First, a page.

Do What It Takes

I want to talk about careers today. I’ve been doing so much personal growth, but I haven’t talked about the part of my personal growth that is impacted by my career growth. Some people may tell you that these two things are separate, but I disagree. When you grow personally, you grow in all things that you do. When you grow professionally, you are growing as a person as well. 

I’ve mentioned a couple of times that I was promoted at the end of 2020 and that I have a tall order to evolve the teams that I lead. There are a lot of quotes and definitions from many leaders and coaches about what makes a great leader and I can go blue in the face talking about those things, but today I want to talk about one thing that I think any good leader would do. That thing is doing what it takes. 

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Episode 24: Do What It Takes

Failing Imperfectly
Failing Imperfectly
Episode 24: Do What It Takes
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What does “do what it takes” mean to you? I’m doing what it takes to maintain output from my team, which means I made adjustments to my life to make it happen. Are you doing what it takes?

Balance Your Life, Passions, and Work

Have you heard the statement that you should find your niche and only focus on one thing? It sits at the back of my mind in everything I do. But I simply can’t focus on one thing. I’m ambitious. I’m multi-passionate. There isn’t just one thing that I do or one hobby that lights my fire. There are multiple and I simply refuse to choose just one. So, what does that mean for my time allocation? How do I find balance for everything?

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Episode 21: Balance Your Life, Passions, and Work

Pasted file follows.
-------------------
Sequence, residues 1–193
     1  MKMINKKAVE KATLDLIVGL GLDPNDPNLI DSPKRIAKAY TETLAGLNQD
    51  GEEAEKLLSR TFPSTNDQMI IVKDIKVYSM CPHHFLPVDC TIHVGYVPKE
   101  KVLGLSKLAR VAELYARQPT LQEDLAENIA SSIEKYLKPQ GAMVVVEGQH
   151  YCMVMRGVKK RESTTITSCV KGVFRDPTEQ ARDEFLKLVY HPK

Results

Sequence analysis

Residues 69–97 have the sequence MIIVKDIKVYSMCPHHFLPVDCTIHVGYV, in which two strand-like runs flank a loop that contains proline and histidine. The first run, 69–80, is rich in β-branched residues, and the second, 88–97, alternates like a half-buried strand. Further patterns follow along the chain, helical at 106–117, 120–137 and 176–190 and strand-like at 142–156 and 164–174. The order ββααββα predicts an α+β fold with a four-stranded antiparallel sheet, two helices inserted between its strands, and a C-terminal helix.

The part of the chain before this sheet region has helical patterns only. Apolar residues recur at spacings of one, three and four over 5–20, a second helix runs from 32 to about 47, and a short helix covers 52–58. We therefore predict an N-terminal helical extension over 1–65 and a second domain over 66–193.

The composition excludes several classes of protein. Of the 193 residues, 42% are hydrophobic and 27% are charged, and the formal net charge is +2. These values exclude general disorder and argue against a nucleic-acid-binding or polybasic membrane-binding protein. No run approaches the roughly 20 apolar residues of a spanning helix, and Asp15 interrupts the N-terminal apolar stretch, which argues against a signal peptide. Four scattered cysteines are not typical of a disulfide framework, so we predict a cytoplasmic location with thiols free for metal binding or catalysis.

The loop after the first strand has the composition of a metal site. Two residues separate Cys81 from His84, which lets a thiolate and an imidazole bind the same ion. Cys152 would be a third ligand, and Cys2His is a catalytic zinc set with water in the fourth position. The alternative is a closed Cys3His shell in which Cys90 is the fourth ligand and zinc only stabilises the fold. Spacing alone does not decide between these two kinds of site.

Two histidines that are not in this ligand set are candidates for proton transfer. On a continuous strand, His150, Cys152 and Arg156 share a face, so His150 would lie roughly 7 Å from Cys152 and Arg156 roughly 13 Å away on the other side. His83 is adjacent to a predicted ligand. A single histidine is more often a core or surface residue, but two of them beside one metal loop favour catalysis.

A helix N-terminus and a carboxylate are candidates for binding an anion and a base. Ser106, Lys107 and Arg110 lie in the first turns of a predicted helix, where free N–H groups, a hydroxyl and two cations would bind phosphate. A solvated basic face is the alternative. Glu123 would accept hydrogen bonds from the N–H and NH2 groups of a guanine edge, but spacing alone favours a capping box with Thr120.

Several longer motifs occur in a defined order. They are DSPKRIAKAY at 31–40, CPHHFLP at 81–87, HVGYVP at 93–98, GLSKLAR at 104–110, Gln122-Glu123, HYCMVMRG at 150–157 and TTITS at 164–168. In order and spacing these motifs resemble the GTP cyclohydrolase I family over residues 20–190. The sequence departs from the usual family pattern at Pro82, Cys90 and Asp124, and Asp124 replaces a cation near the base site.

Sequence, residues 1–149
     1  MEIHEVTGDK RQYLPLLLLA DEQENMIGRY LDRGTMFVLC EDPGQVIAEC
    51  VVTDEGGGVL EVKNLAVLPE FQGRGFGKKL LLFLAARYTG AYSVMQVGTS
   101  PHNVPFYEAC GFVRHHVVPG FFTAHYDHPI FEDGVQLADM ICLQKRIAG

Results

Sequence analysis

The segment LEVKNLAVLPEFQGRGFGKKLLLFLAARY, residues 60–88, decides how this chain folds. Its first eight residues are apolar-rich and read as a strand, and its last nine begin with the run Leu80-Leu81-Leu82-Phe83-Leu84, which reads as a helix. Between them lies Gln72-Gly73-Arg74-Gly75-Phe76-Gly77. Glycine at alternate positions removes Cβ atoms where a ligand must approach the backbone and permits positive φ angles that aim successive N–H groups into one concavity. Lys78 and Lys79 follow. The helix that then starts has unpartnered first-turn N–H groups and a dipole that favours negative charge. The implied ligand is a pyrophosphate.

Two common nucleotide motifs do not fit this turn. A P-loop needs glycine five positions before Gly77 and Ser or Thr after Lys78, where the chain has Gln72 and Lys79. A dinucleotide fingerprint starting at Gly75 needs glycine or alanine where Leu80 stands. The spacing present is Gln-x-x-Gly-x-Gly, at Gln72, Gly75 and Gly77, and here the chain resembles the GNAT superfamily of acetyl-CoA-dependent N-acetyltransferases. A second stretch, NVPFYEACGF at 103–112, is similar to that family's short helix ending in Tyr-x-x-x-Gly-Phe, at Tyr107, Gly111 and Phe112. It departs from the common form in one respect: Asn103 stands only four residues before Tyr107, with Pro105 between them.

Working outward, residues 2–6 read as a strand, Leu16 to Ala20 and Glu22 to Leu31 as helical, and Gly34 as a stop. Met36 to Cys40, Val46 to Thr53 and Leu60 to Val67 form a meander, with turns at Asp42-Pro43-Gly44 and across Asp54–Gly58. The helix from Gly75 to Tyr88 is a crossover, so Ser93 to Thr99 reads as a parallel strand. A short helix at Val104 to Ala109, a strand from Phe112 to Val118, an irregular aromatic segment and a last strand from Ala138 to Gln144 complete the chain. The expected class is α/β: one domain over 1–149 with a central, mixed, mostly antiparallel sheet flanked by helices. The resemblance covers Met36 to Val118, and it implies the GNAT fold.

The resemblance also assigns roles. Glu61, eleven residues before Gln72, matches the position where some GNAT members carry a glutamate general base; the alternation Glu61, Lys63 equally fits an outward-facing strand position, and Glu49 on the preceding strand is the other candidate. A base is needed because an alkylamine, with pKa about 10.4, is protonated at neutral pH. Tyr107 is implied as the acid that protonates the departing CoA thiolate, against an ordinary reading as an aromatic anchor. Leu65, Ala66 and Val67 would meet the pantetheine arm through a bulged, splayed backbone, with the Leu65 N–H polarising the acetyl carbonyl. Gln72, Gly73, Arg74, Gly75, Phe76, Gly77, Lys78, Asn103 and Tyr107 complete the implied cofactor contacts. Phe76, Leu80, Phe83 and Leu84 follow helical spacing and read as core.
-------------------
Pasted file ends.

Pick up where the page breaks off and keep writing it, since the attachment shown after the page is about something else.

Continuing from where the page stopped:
Failing Imperfectly
Failing Imperfectly
Episode 21: Balance Your Life, Passions, and Work
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You’ve got to find balance in all that you do! Ha, balance is a myth that somebody came up with. Balance is not something I think any of us should be striving for.

Self-Rejection

Now that we’ve talked about growing your own way, making the most of yourself, and learning and growing little by little, I want to talk about self-rejection. 

Self-rejection, not to be confused with self-reflection, is something we do, sometimes without even noticing it. It wasn’t until a couple of years ago that I started to learn what self-rejection is without actually having a term for it. Even once I started to learn, I didn’t apply it to my whole life. I only focused on it for my career. I didn’t even have the capacity to understand that it was something that I did in most of my life.

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Episode 7: Self-Rejection

Failing Imperfectly
Failing Imperfectly
Episode 7: Self-Rejection
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It is so easy to hold ourselves back when we reject what we can do and who we are. It’s time to stop rejecting yourself.

Give Yourself Some Credit

When you stop to look at your life and where you’ve come since some date, say high school, do you ever give yourself credit? Or do you tell yourself that you haven’t done enough?

To be honest, until I heard this in some video I was watching, I hadn’t really thought about it. I am really good about looking ahead at what I want to achieve and at how difficult it probably will be to get there, but I don’t look back at how far I’ve come.

Why don’t we give ourselves credit? Because it is easier to berate ourselves for what we haven’t accomplished that to celebrate the things we have. It is easier to be negative about the things we keep saying we are going to do and don’t. So many influencers tell us to not look back because we aren’t going there. But if we never look back, we will never know how far we’ve come.